My dad and youngest brother visited David and me recently. One day, on our way to a blown glass place (it was beautiful!), we took a short cut through the national park. The one with animals. I love Nairobi.
David’s dad was driving (so glad I wasn’t), and we maneuvered several pathways that required more concentration than I usually give when driving. But they all paled in comparison to the (cue music) Maasai Gate. Very steep down, very steep up. I’d honestly have a hard time just walking it, worried I’d slip and slide my way down. The way up would maybe be easier to walk with — all of the rocks could make good stepping stones.
But driving it? Watching my father-in-law navigate that road scared me. Not because of him, but because of the road. Feeling my anxiety rise, I chose to look at something else. I started reading on my Kindle. I could still feel the car moving this way and that, hear my dad commenting on the craziness of the road, but my anxiety eased up. Why? I wasn’t looking at the road. I just trusted David’s dad to get us through it.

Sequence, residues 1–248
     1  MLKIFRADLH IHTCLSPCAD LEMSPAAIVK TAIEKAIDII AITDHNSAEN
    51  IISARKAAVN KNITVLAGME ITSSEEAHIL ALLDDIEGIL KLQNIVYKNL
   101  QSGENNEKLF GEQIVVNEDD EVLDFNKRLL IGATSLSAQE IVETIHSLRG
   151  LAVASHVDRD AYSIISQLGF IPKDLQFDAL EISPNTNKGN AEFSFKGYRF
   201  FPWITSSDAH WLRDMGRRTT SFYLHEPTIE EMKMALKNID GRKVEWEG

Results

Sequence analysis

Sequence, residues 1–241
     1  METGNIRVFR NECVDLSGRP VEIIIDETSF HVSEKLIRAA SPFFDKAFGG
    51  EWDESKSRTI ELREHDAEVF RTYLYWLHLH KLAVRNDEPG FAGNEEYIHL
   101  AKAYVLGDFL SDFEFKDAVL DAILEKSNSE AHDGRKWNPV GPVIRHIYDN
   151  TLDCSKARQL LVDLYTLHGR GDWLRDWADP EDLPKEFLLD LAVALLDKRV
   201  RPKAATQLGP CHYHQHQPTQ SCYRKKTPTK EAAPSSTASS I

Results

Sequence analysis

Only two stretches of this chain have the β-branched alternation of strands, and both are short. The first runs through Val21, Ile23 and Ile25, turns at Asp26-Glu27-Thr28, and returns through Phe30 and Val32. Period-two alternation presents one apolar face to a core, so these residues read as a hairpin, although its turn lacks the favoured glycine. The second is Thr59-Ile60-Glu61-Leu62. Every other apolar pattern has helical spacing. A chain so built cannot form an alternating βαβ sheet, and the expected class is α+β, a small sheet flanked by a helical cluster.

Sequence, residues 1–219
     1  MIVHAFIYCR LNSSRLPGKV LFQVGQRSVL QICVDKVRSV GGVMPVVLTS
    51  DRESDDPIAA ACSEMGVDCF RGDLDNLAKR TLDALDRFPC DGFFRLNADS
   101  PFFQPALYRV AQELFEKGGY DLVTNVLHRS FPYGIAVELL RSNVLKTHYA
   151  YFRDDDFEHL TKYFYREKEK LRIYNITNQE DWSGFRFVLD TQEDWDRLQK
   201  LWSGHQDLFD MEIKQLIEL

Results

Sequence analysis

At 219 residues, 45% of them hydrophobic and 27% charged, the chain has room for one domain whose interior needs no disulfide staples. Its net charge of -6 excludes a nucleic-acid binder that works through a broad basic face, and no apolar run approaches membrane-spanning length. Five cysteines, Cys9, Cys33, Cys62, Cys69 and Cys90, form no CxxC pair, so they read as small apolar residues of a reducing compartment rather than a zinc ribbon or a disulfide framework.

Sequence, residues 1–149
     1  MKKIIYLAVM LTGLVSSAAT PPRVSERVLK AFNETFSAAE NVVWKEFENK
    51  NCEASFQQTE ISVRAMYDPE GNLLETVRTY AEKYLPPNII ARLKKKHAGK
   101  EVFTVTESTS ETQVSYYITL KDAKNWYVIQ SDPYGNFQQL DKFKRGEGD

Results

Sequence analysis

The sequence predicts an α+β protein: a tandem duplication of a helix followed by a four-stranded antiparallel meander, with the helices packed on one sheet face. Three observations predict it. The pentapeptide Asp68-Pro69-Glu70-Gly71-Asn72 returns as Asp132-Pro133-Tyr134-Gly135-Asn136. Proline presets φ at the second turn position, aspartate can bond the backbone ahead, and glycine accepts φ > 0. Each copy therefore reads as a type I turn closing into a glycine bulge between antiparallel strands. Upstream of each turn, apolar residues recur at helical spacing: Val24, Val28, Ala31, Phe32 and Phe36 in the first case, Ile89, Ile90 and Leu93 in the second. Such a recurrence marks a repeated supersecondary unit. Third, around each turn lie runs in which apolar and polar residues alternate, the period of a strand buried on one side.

David and I have been praying for a miracle in our lives for a few months now. Instead of a smooth path, we see a really rocky, uneven, not-even-suitable-for-walking-path ahead of us. I’m really good at overanalyzing the hypothetical, so it’s easy for me to slip into that and start analyzing how much this path is going to hurt, how we might not make it through, how maybe we should turn back.
I am fully confident that God is hearing our prayers, but I’m not seeing the answers right now. I don’t see how to navigate through this path. But that’s okay. I don’t have to be the one that drives.
As someone who likes to know everything, I’m realizing that knowing everything is neither possible nor always helpful. If God showed me everything that was coming, it might just cause more anxiety (*probably would). So I’m choosing to avert my gaze from the scary hypothetical and instead implicitly trust the One who leads us on this path. I don’t have to know how A to Z will work. I just need to take the step immediately in front of me as He reveals it; no more, no less. Sometimes not seeing the road ahead gives more peace.